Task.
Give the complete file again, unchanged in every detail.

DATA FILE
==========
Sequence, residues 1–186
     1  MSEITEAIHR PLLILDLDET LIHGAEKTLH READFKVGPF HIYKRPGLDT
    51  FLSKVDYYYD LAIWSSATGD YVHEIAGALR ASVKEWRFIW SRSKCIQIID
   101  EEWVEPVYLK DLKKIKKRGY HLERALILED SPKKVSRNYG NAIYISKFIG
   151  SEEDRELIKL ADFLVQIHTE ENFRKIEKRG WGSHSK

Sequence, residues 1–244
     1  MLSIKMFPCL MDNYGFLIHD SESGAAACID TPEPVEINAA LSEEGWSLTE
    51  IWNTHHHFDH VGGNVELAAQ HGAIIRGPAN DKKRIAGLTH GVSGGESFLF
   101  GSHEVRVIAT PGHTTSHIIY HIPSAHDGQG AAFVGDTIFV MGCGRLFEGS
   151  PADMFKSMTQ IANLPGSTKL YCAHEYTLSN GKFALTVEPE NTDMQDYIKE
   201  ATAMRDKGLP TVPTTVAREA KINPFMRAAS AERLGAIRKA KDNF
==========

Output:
Sequence, residues 1–186
     1  MSEITEAIHR PLLILDLDET LIHGAEKTLH READFKVGPF HIYKRPGLDT
    51  FLSKVDYYYD LAIWSSATGD YVHEIAGALR ASVKEWRFIW SRSKCIQIID
   101  EEWVEPVYLK DLKKIKKRGY HLERALILED SPKKVSRNYG NAIYISKFIG
   151  SEEDRELIKL ADFLVQIHTE ENFRKIEKRG WGSHSK

Sequence, residues 1–244
     1  MLSIKMFPCL MDNYGFLIHD SESGAAACID TPEPVEINAA LSEEGWSLTE
    51  IWNTHHHFDH VGGNVELAAQ HGAIIRGPAN DKKRIAGLTH GVSGGESFLF
   101  GSHEVRVIAT PGHTTSHIIY HIPSAHDGQG AAFVGDTIFV MGCGRLFEGS
   151  PADMFKSMTQ IANLPGSTKL YCAHEYTLSN GKFALTVEPE NTDMQDYIKE
   201  ATAMRDKGLP TVPTTVAREA KINPFMRAAS AERLGAIRKA KDNF